Private corporations that are so-called “closely held” have a right to religious freedom under U.S. law just like individual citizens, the Supreme Court ruled Monday, in a divided opinion that will allow religious for-profit companies to refuse to pay for the employee contraceptive coverage required by President Barack Obama’s health care reform law.

The 5 to 4 decision, written by Justice Samuel Alito, found that the contraception mandate in the Affordable Care Act violates a 1993 law called the Religious Freedom Restoration Act (RCPA) in the case of two for-profit businesses, the arts and crafts chain Hobby Lobby of Oklahoma City and the cabinetry maker Conestoga Wood Specialties of Pennsylvania. The owners of both stores argued that certain forms of covered contraception, including Plan B, ella and intrauterine devices, had the potential to work after conception, violating their religious values. The ruling applies to “closely held” corporations that are controlled by just a few people.

Congress passed the RCPA in 1993 to mandate that the government use the “least restrictive means” of furthering its interests in situations that infringed on the religious freedoms. Alito ruled that the contraception mandate did not meet that test, which he said must be applied even in case of objections by closely held corporations. “Any suggestion that for-profit corporations are incapable of exercising religion because their purpose is simply to make money flies in the face of modern corporate law,” Alito wrote in his opinion.

But Alito also limited the scope of his opinion in response to concerns from liberal justices. “This decision concerns only the contraceptive mandate and should not be understood to hold that all insurance-coverage mandates, e.g. for vaccinations or blood transfusions, must necessarily fall if they conflict with an employer’s religious beliefs,” Alito wrote. “Nor does it provide a shield for employers who might cloak illegal discrimination as a religious practice.” Alito also wrote that the case may not apply directly to large publicly traded companies, where the beliefs of the shareholders are more difficult to discern.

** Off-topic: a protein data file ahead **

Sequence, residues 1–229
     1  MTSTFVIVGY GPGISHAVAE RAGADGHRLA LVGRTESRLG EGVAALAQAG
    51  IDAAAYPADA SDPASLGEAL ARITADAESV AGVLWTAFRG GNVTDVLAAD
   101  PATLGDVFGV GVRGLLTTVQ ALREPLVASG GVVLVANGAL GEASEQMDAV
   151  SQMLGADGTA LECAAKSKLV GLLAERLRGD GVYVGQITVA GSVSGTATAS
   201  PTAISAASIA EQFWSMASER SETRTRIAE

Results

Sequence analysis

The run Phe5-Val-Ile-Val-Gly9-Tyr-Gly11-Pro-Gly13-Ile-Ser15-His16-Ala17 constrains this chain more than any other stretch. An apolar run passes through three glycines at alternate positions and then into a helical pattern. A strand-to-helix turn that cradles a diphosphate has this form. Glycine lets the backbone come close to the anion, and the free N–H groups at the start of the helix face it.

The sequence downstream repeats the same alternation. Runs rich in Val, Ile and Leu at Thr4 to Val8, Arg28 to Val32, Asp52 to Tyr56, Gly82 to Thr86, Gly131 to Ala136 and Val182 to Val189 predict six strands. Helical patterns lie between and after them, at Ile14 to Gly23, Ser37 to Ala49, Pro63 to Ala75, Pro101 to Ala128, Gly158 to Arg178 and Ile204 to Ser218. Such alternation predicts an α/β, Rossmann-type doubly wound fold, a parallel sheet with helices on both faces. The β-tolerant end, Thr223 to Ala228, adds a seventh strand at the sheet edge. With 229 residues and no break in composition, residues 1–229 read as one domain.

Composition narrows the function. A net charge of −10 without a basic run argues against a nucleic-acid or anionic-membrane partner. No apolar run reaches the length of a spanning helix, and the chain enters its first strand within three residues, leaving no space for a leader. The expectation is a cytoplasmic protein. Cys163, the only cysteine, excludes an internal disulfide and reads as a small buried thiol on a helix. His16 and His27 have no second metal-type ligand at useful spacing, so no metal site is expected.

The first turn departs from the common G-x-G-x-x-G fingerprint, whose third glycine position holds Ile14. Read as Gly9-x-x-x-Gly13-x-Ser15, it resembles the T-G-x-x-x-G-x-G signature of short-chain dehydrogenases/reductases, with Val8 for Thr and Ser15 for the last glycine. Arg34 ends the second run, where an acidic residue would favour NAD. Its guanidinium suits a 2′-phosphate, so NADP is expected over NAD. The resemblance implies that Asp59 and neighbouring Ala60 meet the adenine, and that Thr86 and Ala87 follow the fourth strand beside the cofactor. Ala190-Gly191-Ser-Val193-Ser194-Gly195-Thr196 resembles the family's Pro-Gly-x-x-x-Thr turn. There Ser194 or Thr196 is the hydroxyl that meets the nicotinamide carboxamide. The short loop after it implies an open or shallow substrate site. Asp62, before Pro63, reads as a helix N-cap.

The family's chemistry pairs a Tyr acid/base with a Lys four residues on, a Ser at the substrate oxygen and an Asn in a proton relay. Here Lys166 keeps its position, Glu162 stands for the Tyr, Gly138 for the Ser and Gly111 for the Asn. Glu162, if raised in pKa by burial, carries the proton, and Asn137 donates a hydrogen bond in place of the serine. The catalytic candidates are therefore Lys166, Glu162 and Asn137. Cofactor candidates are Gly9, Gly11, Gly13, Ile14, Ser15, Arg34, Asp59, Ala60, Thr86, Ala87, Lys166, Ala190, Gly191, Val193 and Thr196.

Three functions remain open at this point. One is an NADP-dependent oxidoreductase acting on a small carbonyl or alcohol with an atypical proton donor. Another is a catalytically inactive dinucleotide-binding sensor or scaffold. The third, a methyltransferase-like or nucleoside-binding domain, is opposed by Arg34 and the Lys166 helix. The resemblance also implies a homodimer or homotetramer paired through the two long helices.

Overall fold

Alito was joined in the majority ruling by Justices John Roberts, Anthony Kennedy, Antonin Scalia and Clarence Thomas.

The cases asked the court to weigh the rights of closely held for-profit corporations to follow the religious beliefs of their owners against the rights of employees to get health insurance coverage for a broad range of contraception.

Political reaction to the ruling was swift. White House Press Secretary Josh Earnest said that the decision “jeopardizes the health of women” employed by affected companies.

“The Supreme Court ruled today that some bosses can now withhold contraceptive care from their employees’ health coverage based on their own religious views that their employees may not even share,” he said. “President Obama believes that women should make personal health care decisions for themselves rather than their bosses deciding for them.”

Democratic National Committee chairwoman Debbie Wasserman Shultz described the decision as an assault on women’s access to health care. “This decision takes money out of the pockets of women and their families and allows for-profit employers to deny access to certain health care benefits based on their personal beliefs,” she said in a statement.

Republican National Committee chairman Reince Priebus countered that the decision was a victory for religious freedom. “We’re grateful the Court ruled on the side of liberty,” he said in a statement. “The central issue of this case was whether the federal government can coerce Americans to violate their deeply held religious beliefs.”